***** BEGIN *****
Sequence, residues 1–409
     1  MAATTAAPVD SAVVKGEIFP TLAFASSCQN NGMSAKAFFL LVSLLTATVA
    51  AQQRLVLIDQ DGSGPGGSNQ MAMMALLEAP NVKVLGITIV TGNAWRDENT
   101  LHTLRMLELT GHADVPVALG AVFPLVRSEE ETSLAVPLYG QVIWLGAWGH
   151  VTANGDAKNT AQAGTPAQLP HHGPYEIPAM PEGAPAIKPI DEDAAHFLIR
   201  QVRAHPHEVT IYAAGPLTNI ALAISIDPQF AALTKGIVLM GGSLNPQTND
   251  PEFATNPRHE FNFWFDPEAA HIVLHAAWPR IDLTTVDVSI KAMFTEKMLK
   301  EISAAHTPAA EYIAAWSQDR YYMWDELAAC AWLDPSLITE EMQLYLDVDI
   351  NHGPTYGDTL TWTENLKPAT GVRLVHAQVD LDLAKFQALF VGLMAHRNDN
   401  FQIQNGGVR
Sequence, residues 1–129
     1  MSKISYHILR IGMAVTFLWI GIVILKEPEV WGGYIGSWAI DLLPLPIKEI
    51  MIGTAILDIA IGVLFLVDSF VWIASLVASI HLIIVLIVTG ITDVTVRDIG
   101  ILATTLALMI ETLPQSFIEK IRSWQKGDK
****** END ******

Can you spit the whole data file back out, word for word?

Sequence, residues 1–409
     1  MAATTAAPVD SAVVKGEIFP TLAFASSCQN NGMSAKAFFL LVSLLTATVA
    51  AQQRLVLIDQ DGSGPGGSNQ MAMMALLEAP NVKVLGITIV TGNAWRDENT
   101  LHTLRMLELT GHADVPVALG AVFPLVRSEE ETSLAVPLYG QVIWLGAWGH
   151  VTANGDAKNT AQAGTPAQLP HHGPYEIPAM PEGAPAIKPI DEDAAHFLIR
   201  QVRAHPHEVT IYAAGPLTNI ALAISIDPQF AALTKGIVLM GGSLNPQTND
   251  PEFATNPRHE FNFWFDPEAA HIVLHAAWPR IDLTTVDVSI KAMFTEKMLK
   301  EISAAHTPAA EYIAAWSQDR YYMWDELAAC AWLDPSLITE EMQLYLDVDI
   351  NHGPTYGDTL TWTENLKPAT GVRLVHAQVD LDLAKFQALF VGLMAHRNDN
   401  FQIQNGGVR
Sequence, residues 1–129
     1  MSKISYHILR IGMAVTFLWI GIVILKEPEV WGGYIGSWAI DLLPLPIKEI
    51  MIGTAILDIA IGVLFLVDSF VWIASLVASI HLIIVLIVTG ITDVTVRDIG
   101  ILATTLALMI ETLPQSFIEK IRSWQKGDK